Environmental Issues: Wildlands

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All Documents in Wildlands Tagged biofuels

Our Forests Aren't Fuel
Overview
Forests are for wild animals, fresh air, clean water, and hiking with our kids. But now industry wants to burn our forests for biomass electricity, polluting the air we breathe and stealing from future generations.
Strip Mining for Oil in Endangered Forests
Fact Sheet
Big oil interests are scraping away hundreds of thousands of acres in North America’s Boreal forest to produce tar sands oil, and in the process consuming large amounts of natural gas and generating three times as much global warming pollution as conventional crude oil production. Greater efficiency and renewable fuels are far better, cleaner ways to meet our energy needs. Get document in pdf.

Documents Tagged biofuels in All Sections

Global Warming Solutions
Overview
Solving global warming means investing in clean energy, green jobs and smart energy solutions. We can’t afford delay. This five-step plan will repower, refuel and rebuild America, starting today.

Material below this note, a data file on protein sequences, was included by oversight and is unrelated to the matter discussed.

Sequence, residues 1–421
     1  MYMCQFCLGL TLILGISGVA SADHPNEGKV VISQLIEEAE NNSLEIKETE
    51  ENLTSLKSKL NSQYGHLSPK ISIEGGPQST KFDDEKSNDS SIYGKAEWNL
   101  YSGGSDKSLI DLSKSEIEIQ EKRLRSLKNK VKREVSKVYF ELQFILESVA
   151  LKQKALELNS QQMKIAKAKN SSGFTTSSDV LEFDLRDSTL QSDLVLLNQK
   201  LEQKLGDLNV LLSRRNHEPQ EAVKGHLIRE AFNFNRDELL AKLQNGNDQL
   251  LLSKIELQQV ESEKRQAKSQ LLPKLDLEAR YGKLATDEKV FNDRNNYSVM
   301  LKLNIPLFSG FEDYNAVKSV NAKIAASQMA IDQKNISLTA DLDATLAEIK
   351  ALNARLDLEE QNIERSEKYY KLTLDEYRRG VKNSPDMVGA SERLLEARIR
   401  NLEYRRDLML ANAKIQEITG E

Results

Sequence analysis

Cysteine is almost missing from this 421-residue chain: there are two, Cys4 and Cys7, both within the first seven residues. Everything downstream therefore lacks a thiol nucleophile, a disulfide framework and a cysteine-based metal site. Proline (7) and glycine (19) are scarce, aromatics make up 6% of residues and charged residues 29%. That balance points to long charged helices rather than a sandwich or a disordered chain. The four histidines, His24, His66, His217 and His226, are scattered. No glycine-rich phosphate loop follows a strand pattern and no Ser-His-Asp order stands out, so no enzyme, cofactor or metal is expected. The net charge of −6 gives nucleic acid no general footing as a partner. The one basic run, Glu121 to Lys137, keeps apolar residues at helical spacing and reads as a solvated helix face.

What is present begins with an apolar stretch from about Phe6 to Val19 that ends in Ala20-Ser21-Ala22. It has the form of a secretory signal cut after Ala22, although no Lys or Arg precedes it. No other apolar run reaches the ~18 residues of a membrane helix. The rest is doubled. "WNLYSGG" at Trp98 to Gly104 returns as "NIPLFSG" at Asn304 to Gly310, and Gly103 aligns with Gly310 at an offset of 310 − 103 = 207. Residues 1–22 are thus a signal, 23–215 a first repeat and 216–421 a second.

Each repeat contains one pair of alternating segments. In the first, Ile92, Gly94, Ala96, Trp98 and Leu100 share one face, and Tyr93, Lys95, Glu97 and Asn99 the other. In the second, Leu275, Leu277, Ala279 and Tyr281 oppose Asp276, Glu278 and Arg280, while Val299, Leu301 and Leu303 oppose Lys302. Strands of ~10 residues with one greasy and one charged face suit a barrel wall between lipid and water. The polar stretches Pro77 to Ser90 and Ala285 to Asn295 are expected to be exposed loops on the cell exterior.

Aviation Biofuel Sustainability Survey
Issue Brief
To assess the current state of aviation biofuel sustainability certification, and to support the use of certification in the aviation fuel supply chain, NRDC has generated its inaugural Aviation Biofuel Sustainability Survey.
Enviva’s Wood Pellet Mill in Ahoskie, North Carolina Threatens Endangered Ecosystems and Wildlife
Fact Sheet
Conversions of large coal-burning power plants to wood (co-)firing in Europe have resulted in the explosive growth of wood pellet exports from North America, most of which originate in the forests of the southern United States. Enviva, the South's largest exporter of wood pellets, currently leads this market and has some of the most biologically diverse and valuable forest ecosystems in the world in its crosshairs.
The Truth About the Biomass Industry
How Wood Pellet Exports Pollute Our Climate and Damage Our Forests

Fact Sheet
Wood pellet exports from the United States nearly doubled last year, from 1.6 million tons in 2012 to 3.2
million tons in 2013, and are expected to jump to 5.7 million tons in 2015. More than 98 percent went to Europe, where they were destined for use in foreign power plants to help meet European renewable energy targets. This massive additional demand for logs now risks destroying ecosystems that can never be replaced.

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